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Authortarian tie knot

post #1 of 33
Thread Starter 
What is authoritarian tie knot to show power? I am not autocrat but I do wish to improve my respect with colleagues. They are really pompous asses but in work what else can we do? I currently tie with a half windsor but it needs more surface area with large collars.
post #2 of 33
Best first post ever?
post #3 of 33
Ask our resident Power Knot expert.
Quote:
Originally Posted by mt_spiffy View Post
There have been several (largely sarcastic) requests for my outfits in other threads, predominantly of the "I cant believe you wear that crap until I see it" variety. I promised to deliver pictures, and here they are. These are several outfits that I have worn recently and received numerous compliments on, perhaps more than usual. Most are coat/tie/jeans/shoes you guys dont like. A suit, the light makes it look brighter and bolder than it is: This shirt, tie, and coat were all thrift shop finds: This shirt was a Christmas gift, it is several sizes too large, but I love the design so I kept it: The infamous pony shoes, with an equally outrageous tie knot: Similar ensemble, but with a sweater: A step further casual, no tie: I expect a lot of criticism, and that's fine, but remember, it's unlikely to have any effect. I love my clothes, I love my shoes, and except where mentioned, everything fits the way I want it to. Here we go!
post #4 of 33
Quote:
Originally Posted by djordje esquire View Post
What is authoritarian tie knot to show power? I am not autocrat but I do wish to improve my respect with colleagues. They are really pompous asses but in work what else can we do? I currently tie with a half windsor but it needs more surface area with large collars.
The answer might be staring you in the face.
post #5 of 33
post #6 of 33
Quote:
Originally Posted by djordje esquire View Post
What is authoritarian tie knot to show power?
I suggest that you ask Dick Cheney. As our VP, he was a tad authoritarian.
post #7 of 33
Thread Starter 
Quote:
Originally Posted by RSS View Post
I suggest that you ask Dick Cheney. As our VP, he was a tad authoritarian.


I hope it doesn't break a knee but Dick Cheney looks like a man who never grew hairs on his chest and I don't think it because of his bald head.
post #8 of 33
This guy in the pictures may very well become my avatar.
post #9 of 33
I dont think you really want authoritarian, I think you mean authoritative. Full Windsor Stripes Thick woven silk With red Check these listings, I'll hook you up: http://cgi.ebay.com/TREVISIAN-CO-TIE...item23035e5b79 http://cgi.ebay.com/PROCHOWNICK-TIE-...item2556ced890 http://cgi.ebay.com/SUPERB-JOS-A-BAN...item2556d30d96 http://cgi.ebay.com/EIGENMANN-VERONE...item25555a1276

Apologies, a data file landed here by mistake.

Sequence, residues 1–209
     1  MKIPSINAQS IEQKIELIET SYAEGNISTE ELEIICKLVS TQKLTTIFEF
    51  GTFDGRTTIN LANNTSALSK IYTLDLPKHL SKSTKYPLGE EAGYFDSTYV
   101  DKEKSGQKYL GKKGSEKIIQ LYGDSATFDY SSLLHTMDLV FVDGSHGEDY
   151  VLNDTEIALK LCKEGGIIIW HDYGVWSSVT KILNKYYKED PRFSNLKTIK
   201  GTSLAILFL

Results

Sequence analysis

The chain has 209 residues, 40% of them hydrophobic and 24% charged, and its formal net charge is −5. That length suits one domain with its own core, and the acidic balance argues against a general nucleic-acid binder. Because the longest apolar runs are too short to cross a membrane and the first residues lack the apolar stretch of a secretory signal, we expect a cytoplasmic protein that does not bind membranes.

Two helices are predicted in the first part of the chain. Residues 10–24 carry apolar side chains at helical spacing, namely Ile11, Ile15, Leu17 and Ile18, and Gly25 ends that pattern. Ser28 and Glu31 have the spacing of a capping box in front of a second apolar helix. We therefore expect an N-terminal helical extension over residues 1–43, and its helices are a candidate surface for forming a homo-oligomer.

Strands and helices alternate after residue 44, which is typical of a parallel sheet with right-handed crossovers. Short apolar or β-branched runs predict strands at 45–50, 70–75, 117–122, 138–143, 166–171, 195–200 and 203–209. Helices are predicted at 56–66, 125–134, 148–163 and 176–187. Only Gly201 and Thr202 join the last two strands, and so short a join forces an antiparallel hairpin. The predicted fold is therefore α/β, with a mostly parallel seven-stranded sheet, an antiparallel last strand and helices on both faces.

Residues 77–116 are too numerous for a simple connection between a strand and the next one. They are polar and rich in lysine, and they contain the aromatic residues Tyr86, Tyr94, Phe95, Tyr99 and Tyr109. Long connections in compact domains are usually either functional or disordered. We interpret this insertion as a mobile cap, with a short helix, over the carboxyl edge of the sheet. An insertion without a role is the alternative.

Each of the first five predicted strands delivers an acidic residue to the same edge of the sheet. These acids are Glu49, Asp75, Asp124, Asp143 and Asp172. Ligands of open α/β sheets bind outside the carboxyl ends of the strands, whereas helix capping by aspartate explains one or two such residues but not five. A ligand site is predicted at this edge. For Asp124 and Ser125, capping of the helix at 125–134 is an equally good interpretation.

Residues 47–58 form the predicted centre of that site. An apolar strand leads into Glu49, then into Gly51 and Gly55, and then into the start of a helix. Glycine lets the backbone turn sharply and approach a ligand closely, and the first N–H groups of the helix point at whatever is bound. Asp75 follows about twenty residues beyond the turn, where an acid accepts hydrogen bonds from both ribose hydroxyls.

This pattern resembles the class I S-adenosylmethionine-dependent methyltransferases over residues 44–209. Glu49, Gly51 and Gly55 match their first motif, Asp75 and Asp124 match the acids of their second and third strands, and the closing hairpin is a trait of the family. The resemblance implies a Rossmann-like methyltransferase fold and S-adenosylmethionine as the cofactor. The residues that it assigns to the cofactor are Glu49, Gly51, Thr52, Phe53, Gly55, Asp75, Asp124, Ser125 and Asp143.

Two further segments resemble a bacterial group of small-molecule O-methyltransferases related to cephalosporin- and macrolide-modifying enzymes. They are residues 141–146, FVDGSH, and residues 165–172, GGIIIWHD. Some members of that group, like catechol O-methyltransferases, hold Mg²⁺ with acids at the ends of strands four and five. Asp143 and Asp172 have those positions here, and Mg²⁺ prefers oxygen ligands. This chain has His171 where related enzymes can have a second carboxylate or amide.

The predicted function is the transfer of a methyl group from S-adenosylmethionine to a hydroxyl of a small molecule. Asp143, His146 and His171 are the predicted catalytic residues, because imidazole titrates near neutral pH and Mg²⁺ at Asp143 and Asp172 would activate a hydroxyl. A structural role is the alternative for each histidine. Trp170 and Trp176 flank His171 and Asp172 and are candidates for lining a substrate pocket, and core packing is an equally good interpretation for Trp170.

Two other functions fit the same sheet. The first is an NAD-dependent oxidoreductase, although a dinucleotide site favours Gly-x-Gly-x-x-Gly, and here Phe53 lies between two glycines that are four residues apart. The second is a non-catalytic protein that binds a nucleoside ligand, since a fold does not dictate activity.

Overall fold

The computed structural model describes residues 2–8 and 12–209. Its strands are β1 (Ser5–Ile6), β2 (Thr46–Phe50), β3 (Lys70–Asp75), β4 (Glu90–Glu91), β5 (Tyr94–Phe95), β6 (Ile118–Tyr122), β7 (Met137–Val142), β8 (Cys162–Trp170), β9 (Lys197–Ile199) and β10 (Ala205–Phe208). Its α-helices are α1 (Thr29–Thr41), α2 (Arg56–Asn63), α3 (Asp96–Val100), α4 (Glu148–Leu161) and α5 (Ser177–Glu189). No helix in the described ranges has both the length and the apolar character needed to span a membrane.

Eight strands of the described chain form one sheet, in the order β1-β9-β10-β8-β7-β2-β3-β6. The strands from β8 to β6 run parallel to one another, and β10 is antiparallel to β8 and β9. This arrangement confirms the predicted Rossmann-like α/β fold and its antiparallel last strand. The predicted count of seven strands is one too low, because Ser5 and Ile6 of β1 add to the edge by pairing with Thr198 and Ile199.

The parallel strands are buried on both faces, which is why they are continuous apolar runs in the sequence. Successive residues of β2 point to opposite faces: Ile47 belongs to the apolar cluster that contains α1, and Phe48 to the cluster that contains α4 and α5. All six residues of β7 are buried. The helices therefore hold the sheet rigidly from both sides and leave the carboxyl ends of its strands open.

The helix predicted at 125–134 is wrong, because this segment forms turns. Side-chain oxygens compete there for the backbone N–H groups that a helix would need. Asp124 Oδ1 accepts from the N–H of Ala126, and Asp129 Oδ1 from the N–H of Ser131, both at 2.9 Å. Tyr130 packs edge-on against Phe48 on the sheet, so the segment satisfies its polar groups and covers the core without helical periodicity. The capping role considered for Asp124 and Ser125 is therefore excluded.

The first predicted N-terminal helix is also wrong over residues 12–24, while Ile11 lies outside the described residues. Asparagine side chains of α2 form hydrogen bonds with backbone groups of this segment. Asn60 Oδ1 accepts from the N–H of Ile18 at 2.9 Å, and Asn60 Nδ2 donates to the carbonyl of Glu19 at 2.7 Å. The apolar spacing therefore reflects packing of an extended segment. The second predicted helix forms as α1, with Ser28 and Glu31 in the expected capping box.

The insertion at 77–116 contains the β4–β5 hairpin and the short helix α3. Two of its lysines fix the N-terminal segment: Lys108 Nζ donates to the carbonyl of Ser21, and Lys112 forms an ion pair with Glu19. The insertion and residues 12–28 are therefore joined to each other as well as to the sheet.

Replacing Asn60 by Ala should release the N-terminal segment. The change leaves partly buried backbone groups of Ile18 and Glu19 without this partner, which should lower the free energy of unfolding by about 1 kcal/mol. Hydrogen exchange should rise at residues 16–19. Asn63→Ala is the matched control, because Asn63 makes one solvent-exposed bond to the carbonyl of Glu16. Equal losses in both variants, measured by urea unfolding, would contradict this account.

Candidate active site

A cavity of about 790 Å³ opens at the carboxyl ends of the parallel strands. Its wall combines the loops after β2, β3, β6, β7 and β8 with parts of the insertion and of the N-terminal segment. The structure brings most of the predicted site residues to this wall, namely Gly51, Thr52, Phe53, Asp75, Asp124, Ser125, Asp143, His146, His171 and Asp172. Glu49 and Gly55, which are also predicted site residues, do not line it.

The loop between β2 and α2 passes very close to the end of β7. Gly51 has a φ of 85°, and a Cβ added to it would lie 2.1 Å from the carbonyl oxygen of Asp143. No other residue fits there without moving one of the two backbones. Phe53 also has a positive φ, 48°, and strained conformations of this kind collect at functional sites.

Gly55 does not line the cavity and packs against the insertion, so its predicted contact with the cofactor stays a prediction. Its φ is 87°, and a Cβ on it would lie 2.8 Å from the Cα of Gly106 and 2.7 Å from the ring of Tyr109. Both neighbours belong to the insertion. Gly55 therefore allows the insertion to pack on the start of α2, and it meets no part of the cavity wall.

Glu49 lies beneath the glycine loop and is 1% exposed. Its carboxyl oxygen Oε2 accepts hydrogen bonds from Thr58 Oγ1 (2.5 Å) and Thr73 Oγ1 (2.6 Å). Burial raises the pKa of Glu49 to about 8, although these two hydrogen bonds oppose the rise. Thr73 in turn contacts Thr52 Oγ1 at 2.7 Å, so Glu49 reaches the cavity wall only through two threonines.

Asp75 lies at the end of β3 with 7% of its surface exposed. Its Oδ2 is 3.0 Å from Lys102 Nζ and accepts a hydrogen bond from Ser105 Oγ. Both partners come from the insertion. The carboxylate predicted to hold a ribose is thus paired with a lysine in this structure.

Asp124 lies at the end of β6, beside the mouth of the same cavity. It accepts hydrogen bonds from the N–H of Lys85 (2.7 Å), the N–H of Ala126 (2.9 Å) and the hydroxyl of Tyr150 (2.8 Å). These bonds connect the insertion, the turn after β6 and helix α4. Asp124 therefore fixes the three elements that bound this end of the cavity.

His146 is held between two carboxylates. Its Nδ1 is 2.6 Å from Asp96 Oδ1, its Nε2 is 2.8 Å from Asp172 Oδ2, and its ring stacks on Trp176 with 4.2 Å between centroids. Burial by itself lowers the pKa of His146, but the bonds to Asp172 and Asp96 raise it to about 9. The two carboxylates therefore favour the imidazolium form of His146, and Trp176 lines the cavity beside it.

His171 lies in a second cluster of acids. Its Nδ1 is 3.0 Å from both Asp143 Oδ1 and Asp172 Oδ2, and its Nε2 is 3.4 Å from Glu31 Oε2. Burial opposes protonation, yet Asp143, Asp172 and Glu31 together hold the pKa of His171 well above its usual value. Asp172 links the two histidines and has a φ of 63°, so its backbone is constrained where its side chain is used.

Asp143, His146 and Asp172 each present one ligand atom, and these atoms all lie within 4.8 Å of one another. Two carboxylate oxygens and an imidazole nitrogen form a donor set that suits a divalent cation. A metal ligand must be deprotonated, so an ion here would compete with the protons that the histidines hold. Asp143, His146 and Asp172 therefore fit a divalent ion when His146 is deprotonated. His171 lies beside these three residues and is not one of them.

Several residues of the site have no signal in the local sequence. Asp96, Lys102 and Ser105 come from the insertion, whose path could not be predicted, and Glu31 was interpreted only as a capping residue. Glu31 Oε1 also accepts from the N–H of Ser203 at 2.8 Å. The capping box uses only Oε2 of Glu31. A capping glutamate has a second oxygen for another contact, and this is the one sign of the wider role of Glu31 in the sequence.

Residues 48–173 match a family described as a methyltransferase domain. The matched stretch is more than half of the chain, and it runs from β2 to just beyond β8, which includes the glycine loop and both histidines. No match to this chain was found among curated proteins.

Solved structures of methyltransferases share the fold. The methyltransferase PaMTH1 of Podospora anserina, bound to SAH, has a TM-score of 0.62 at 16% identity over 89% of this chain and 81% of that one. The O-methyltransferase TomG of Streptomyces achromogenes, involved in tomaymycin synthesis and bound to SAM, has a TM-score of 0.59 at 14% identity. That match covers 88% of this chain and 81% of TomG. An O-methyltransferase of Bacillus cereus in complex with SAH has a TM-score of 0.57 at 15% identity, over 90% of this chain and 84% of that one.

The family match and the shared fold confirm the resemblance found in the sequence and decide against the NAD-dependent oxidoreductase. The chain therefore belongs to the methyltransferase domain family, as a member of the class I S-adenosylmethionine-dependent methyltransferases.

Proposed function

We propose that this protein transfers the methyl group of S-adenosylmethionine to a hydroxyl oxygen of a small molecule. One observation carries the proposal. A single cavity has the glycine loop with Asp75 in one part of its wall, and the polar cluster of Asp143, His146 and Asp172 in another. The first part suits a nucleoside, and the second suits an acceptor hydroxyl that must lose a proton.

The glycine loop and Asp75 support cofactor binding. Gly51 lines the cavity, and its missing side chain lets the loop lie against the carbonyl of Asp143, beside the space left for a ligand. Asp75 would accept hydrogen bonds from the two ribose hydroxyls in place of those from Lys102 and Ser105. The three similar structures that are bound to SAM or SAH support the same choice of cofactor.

post #10 of 33
Quote:
Originally Posted by djordje esquire View Post
I hope it doesn't break a knee but Dick Cheney looks like a man who never grew hairs on his chest and I don't think it because of his bald head.

post #11 of 33
i may be one of the few that thinks the simple fih knot is the most authoritative look for a tie.

i find all the other knots like the windsor, et al are too dandyish to lend itself to authoritative looks. fih is most practical, slightly askew, manly, and a roll-up your sleeve sort of authoritative inclination.
post #12 of 33
let Spiffy go, please... he doesn't live in that dimension of reality anymore.
post #13 of 33
Quote:
Originally Posted by sho'nuff View Post
i may be one of the few that thinks the simple fih knot is the most authoritative look for a tie.

i find all the other knots like the windsor, et al are too dandyish to lend itself to authoritative looks. fih is most practical, slightly askew, manly, and a roll-up your sleeve sort of authoritative inclination.

I agree, but I wouldn't describe the windsor as "dandyish". I would say it's authoritarian in its inclination, yet fails as such - it tries too hard. It also appeals to men who don't understand the history of clothes and who associate the symmetricality of the windsor with greater correctness and formality, in spite of the fact that the four-in-hand is the original and proper way to tie a necktie. In a word, the windsor is vulgar.

However, I respect those who are able to tie it well (and can be bothered to do it) - I admire it on the rare occasions when it really looks good. It's definitely the trickiest knot to tie and coordinate elegantly.
post #14 of 33
Quote:
Originally Posted by Butterfly View Post
I agree, but I wouldn't describe the windsor as "dandyish". I would say it's authoritarian in its inclination, yet fails as such - it tries too hard. It also appeals to men who don't understand the history of clothes and who associate the symmetricality of the windsor with greater correctness and formality, in spite of the fact that the four-in-hand is the original and proper way to tie a necktie. In a word, the windsor is vulgar.

However, I respect those who are able to tie it well (and can be bothered to do it) - I admire it on the rare occasions when it really looks good. It's definitely the trickiest knot to tie and coordinate elegantly.

For the look he wants to achieve, the 4IH is a fail. A knot slightly askew says 'dont take me seriously' to the types he works with.
post #15 of 33
go with the pratt shelby. very easy knot to tie... symmetrical, medium sized, with a great dimple:
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